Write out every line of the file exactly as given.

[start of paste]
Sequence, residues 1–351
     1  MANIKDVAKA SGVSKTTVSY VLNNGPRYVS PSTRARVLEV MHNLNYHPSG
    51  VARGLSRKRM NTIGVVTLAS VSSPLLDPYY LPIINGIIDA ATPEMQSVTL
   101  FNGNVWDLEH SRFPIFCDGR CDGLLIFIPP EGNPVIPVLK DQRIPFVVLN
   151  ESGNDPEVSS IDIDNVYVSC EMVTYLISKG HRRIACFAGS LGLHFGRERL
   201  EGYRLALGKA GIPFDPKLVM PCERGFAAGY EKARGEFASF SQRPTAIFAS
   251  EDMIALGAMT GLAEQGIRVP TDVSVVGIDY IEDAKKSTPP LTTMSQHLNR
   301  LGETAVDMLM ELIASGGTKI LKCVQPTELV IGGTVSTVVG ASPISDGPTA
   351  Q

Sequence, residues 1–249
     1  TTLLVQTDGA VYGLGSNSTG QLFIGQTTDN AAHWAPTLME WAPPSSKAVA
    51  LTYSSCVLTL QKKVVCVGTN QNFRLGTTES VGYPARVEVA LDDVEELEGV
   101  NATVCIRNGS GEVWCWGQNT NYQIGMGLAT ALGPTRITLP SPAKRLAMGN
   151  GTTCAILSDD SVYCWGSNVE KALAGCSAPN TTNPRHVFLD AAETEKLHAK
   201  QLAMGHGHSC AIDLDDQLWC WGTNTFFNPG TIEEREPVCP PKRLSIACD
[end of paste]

Sequence, residues 1–351
     1  MANIKDVAKA SGVSKTTVSY VLNNGPRYVS PSTRARVLEV MHNLNYHPSG
    51  VARGLSRKRM NTIGVVTLAS VSSPLLDPYY LPIINGIIDA ATPEMQSVTL
   101  FNGNVWDLEH SRFPIFCDGR CDGLLIFIPP EGNPVIPVLK DQRIPFVVLN
   151  ESGNDPEVSS IDIDNVYVSC EMVTYLISKG HRRIACFAGS LGLHFGRERL
   201  EGYRLALGKA GIPFDPKLVM PCERGFAAGY EKARGEFASF SQRPTAIFAS
   251  EDMIALGAMT GLAEQGIRVP TDVSVVGIDY IEDAKKSTPP LTTMSQHLNR
   301  LGETAVDMLM ELIASGGTKI LKCVQPTELV IGGTVSTVVG ASPISDGPTA
   351  Q

Sequence, residues 1–249
     1  TTLLVQTDGA VYGLGSNSTG QLFIGQTTDN AAHWAPTLME WAPPSSKAVA
    51  LTYSSCVLTL QKKVVCVGTN QNFRLGTTES VGYPARVEVA LDDVEELEGV
   101  NATVCIRNGS GEVWCWGQNT NYQIGMGLAT ALGPTRITLP SPAKRLAMGN
   151  GTTCAILSDD SVYCWGSNVE KALAGCSAPN TTNPRHVFLD AAETEKLHAK
   201  QLAMGHGHSC AIDLDDQLWC WGTNTFFNPG TIEEREPVCP PKRLSIACD